Kerry regularly spoke by telephone with high-ranking officials throughout the Middle East during the negotiations that finally collapsed earlier this year.
Spiegel, which cited "several sources among secret services", said that he used not only secure lines but also normal telephones with satellite connections which were vulnerable to tapping.
"The government in Jerusalem used this information in the negotiations on a diplomatic solution in the Middle East," it said.
Spiegel said Kerry's office and the Israeli government declined to comment on its report.
Kerry made reviving Middle East diplomacy a central priority at the start of his term and coaxed Israeli Prime Minister Benjamin Netanyahu and Palestinian president Mahmud Abbas back to the negotiating table in July 2013.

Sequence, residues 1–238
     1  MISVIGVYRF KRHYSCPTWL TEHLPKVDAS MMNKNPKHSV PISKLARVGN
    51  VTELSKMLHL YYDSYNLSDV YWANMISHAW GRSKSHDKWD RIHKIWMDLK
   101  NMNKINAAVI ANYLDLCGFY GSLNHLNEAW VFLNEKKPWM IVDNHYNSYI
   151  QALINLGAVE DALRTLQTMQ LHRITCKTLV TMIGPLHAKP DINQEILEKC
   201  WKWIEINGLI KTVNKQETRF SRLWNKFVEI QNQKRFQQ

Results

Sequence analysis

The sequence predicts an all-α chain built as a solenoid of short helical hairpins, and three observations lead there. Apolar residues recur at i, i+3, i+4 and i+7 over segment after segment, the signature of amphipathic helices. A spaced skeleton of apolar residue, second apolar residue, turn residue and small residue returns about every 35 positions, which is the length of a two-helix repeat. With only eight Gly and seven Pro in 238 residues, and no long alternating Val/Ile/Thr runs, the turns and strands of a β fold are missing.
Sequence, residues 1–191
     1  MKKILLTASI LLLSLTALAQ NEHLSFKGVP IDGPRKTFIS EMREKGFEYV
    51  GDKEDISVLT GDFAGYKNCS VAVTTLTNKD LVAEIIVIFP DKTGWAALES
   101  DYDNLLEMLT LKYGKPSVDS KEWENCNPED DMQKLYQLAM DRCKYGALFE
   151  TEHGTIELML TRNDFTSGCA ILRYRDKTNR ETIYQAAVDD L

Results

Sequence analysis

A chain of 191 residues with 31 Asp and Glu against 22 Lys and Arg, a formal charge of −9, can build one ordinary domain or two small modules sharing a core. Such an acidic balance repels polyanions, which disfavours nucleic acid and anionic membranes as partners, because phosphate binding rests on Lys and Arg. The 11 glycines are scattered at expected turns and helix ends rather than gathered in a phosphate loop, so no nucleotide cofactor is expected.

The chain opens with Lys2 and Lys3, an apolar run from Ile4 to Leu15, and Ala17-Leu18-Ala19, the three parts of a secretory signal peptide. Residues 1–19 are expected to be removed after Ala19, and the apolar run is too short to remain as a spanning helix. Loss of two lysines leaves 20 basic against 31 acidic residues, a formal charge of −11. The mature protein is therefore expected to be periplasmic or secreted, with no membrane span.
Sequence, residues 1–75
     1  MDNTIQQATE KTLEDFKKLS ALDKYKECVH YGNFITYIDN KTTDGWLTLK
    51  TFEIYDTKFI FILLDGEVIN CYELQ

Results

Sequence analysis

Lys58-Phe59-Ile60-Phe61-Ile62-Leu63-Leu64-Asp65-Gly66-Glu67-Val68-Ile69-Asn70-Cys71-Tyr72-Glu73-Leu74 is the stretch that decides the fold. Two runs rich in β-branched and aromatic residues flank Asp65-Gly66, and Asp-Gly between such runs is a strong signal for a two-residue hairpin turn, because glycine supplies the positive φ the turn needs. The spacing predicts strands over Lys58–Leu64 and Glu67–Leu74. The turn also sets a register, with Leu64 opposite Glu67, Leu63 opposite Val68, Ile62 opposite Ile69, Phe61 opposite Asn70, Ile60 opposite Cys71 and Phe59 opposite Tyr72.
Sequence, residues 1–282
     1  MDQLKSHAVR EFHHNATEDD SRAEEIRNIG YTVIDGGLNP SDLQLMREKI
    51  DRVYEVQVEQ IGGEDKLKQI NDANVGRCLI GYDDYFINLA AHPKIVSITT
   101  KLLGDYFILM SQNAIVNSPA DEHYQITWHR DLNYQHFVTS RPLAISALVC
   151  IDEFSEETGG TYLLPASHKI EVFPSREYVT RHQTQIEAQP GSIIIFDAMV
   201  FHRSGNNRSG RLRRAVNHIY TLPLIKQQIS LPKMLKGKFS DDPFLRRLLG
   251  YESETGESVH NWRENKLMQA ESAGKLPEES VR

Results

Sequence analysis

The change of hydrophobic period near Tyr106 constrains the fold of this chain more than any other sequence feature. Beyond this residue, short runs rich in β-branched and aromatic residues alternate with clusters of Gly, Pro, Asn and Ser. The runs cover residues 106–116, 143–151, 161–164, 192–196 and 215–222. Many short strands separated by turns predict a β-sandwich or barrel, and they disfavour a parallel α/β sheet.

But in April this year, Israel made a surprise announcement of plans for 700 new settlements and refused to free a last batch of Palestinian prisoners after earlier releases. Abbas in turn sought Palestinian membership in 15 UN conventions and the peace drive eventually broke down.
Kerry has attempted to mediate during the current Israeli military offensive in Gaza and flew to Israel last week.
But he has failed to bring about a lasting truce in the 26-day confrontation that has claimed more than 1,700 lives.